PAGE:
Notes: This ritual was written as an option for a monthly devotional to Artemis. I noticed that on the ancient Athenian calendar the honored many of the gods monthly, but we do not have a lot of information about the rituals that they used. I wanted to create something simple and pretty casual for use monthly. You do not need to do it on a specific day. Ancient Athenians often worshiped her on the 6th day of the lunar month, but you could also worship her on the 6th day of the modern calendar, a day you arbitrarily pick that you like, or multiple days throughout the month. Make it your own!
Also, this is quite a long ritual and may not be suitable for the hectic lives many of us lead. Because of that, I have also created another version of the ritual that is much shorter that I will post in another link. Feel free to make any other changes that would better suit you as well.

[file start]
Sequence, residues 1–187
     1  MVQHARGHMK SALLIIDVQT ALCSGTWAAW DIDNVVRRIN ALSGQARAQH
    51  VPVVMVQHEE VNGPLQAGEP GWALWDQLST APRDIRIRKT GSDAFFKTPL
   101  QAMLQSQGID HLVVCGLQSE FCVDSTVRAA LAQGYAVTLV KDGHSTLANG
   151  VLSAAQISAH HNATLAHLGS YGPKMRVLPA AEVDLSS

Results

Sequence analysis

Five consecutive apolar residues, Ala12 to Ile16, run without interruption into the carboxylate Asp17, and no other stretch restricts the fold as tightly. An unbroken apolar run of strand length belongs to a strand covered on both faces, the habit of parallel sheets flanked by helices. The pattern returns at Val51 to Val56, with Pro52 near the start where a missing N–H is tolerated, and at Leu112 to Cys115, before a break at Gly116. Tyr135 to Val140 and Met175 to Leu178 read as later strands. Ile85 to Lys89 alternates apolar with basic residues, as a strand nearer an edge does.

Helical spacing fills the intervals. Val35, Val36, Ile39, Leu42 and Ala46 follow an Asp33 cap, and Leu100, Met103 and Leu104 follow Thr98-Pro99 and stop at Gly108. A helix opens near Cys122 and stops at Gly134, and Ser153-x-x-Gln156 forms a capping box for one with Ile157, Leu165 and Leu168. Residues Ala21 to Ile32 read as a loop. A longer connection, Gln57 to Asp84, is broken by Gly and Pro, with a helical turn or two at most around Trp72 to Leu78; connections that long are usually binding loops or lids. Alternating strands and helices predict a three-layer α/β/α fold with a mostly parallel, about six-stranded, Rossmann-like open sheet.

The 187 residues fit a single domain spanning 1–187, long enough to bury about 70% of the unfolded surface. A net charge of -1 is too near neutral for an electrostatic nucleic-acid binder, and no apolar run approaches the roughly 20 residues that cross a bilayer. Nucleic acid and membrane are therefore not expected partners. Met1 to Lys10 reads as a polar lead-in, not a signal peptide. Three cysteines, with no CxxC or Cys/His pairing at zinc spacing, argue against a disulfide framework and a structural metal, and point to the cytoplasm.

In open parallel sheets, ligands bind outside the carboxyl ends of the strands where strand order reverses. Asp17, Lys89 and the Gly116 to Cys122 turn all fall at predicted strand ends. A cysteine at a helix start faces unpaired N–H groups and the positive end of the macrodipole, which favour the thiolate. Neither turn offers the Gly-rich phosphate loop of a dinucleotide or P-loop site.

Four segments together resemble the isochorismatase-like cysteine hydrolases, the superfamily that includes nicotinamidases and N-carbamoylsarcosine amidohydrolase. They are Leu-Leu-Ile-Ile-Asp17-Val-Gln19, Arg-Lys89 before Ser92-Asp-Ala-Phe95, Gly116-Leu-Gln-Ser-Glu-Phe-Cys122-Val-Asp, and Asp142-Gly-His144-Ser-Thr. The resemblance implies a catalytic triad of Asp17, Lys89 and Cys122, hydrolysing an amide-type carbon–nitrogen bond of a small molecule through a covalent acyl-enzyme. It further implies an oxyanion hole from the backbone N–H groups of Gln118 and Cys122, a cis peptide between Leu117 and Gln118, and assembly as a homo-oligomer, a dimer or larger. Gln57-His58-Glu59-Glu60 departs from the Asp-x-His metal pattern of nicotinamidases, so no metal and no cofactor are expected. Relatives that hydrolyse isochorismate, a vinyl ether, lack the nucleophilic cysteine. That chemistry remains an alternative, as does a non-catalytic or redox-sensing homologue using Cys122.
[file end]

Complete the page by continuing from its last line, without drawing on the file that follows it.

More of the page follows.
This ritual is written for one person (since many of us are solitary practitioners), but should be able to be expanded quite easily to accommodate more if needed.
Begin your ritual by cleansing yourself of miasma: This can best be done by washing and dressing in clean clothing or simply just washing your hands and/or face. You may do the latter either by using khernips (or blessed water) or perhaps simply an herbal soap that has a scent that puts you in the frame of mind for ritual. The purpose of this is to help cleanse oneself of miasma before ritual out of respect for the gods. (More on miasma and ritual preparation can be found here: http://persephones.250free.com/preparation.html)